All those “Uber for trucking” start-ups just got another competitor to contend with: Uber.

After months of operating in stealth mode, the San Francisco company best known for its ride-hailing service took the wraps off Uber Freight, a cloud-based, on-demand, full truck-load freight brokerage on Thursday.

Uber Technologies has been testing Uber Freight for van and refrigerator deliveries since September, starting in the Texas Triangle area between Dallas, Houston, San Antonio and Austin, and now is rolling out nationwide, complete with a YouTube ad announcing the service.

The company wants to win over independent owner-operators, midsize and large carriers by offering drivers one-click signups for loads through a mobile app, along with guarantees they’ll be paid within seven days.

In a Trucks.com interview, Uber Freight executives declined to disclose how many trucking companies or drivers are using the service or how many shippers have signed. Shipping partners on the platform range from mom-and-pop operations to Fortune 500 companies and operate in oil and other industries. Shippers pay contract or spot rates, though officials wouldn’t disclose what those rates are.

Uber is betting the company’s expertise running its ride-hailing business will transfer to the freight industry.

“Uber brings the tech capability and depth of resources and talent that nobody in the space can match,” Uber Freight Director Bill Driegert told Trucks.com.

The company also brings an established brand name and potent technology to the freight business.

“Uber’s disruptive impact has been almost entirely in its easy connection of underutilized assets with demand. That’s the start and finish of why it has swept across the transportation landscape,” said Michael Ramsey, an analyst at Gartner Inc. “An Uber for hauling stuff is sensible and really builds on what trucking companies have tried to do in their own ecosystem to ensure that trucks are full as often as possible.”

Some see the company’s entrance into the freight business setting off a price war.

“Their stated claim that they would be happy with margins at one-third that of competitors is the point of concern,” said John Larkin, a logistics analyst at Stifel Financial Corp. “Those skinny margins would eventually expand due to their potential access to the inexpensive capacity.”

Larkin also questioned how well the Uber model will work for the trucking industry.

“We do not think that applying the Uber matching technology, used to displace the taxi industry, works well in the freight world,” he said. “Underutilized capacity isn't just ‘sitting around’ as it is in the automobile world, and each load of freight is a little different than every other load as there are somewhere between 40 and 70 different factors that need to be considered in most truckload brokerage transactions.”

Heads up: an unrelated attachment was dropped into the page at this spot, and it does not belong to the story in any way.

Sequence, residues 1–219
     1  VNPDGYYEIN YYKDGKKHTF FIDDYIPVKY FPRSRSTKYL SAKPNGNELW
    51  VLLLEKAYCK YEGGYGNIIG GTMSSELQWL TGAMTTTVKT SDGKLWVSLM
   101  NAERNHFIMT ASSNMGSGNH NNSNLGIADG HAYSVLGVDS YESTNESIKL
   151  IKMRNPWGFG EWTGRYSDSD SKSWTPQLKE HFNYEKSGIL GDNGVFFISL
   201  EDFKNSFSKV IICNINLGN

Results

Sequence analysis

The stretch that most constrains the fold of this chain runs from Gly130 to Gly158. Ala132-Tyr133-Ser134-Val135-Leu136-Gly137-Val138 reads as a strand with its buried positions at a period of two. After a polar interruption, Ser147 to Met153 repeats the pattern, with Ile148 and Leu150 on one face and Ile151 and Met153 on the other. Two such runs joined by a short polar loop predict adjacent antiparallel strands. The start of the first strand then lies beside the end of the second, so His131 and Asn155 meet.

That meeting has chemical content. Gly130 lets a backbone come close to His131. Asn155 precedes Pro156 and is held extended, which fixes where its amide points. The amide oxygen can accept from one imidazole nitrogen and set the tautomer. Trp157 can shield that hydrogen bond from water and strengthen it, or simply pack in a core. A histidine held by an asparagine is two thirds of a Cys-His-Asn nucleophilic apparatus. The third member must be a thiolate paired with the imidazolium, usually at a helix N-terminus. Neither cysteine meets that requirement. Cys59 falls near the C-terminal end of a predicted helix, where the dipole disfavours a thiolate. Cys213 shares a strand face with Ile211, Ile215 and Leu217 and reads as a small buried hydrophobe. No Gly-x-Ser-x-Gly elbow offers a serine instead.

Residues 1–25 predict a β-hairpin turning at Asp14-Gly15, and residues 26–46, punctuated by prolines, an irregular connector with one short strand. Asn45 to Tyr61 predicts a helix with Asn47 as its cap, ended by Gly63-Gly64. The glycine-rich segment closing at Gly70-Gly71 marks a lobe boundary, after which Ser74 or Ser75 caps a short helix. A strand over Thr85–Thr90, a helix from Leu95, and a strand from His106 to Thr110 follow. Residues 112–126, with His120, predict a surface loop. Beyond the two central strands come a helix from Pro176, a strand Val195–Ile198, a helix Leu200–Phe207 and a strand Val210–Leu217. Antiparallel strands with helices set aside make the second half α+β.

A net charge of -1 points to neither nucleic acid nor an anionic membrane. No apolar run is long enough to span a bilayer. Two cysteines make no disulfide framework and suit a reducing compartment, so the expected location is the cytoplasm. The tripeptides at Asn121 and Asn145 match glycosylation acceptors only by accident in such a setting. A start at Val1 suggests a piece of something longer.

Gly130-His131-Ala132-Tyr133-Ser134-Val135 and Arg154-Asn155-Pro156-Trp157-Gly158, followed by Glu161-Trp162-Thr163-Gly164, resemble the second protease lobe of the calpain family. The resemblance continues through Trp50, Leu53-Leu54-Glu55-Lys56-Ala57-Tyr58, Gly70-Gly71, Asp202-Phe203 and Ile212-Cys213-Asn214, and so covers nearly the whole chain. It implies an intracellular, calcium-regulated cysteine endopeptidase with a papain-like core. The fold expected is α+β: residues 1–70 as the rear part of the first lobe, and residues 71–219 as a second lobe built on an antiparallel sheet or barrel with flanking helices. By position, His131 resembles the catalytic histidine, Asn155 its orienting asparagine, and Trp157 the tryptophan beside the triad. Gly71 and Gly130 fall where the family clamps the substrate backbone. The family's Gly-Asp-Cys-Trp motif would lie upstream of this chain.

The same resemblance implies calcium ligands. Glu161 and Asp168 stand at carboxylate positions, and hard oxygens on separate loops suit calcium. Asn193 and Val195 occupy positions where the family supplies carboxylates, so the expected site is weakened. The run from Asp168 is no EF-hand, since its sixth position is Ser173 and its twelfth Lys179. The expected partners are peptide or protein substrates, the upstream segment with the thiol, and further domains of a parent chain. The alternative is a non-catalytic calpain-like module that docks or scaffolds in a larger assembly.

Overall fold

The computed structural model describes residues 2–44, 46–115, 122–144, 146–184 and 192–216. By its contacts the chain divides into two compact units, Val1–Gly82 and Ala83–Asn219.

However, the launch of the freight business is a bright spot for Uber, which has spent the bulk of 2017 battling a series of setbacks.

It is fighting a lawsuit brought by Google on behalf of its Waymo self-driving car division over claims of stolen company secrets. Earlier this week, a federal judge in California ruled that a star engineer who left Waymo to start Otto, a self-driving truck start-up Uber acquired in 2016, cannot work on critical components of Uber’s self-driving car technology while the suit is being tried. The same judge also ordered a review by the U.S. attorney’s office for possible criminal charges.

But with the exception of some former Otto employees who now work at Uber Freight, the division is entirely separate from Uber’s Advanced Technologies Group, the unit overseeing development of self-driving cars and trucks, Driegert said.

Joining an Already Crowded Field of On-Demand Start-ups

With Uber Freight, Uber is joining a swarm of venture-backed start-ups that want to disrupt the $700-billion U.S. freight industry in much the same way the company has disintermediated traditional taxi companies in the U.S. and abroad.

Uber’s recent problems may have taken some shine off its brand, but the company is a known commodity unlike a lot of on-demand freight startups, and that will register with freight carriers and shippers, said Wallace Lau, a commercial vehicle industry analyst at Frost & Sullivan.

“Their name alone makes them a disruptive force compared to a start-up trying to make a name,” Lau said.

The disjointed way the freight industry does business and the predominance of outdated, analog systems make it an easy target for competitors with more modern services based on cloud-based digital platforms and mobile apps.

Venture capital funds, private investors and others have poured at least $200 million — and potentially substantially more — into dozens of on-demand freight start-ups, including Flexport, Transfix, Loadsmart, Convoy, Doft, Cargo Chief, TugForce, HaulHound, Parade, Ship Lync and others.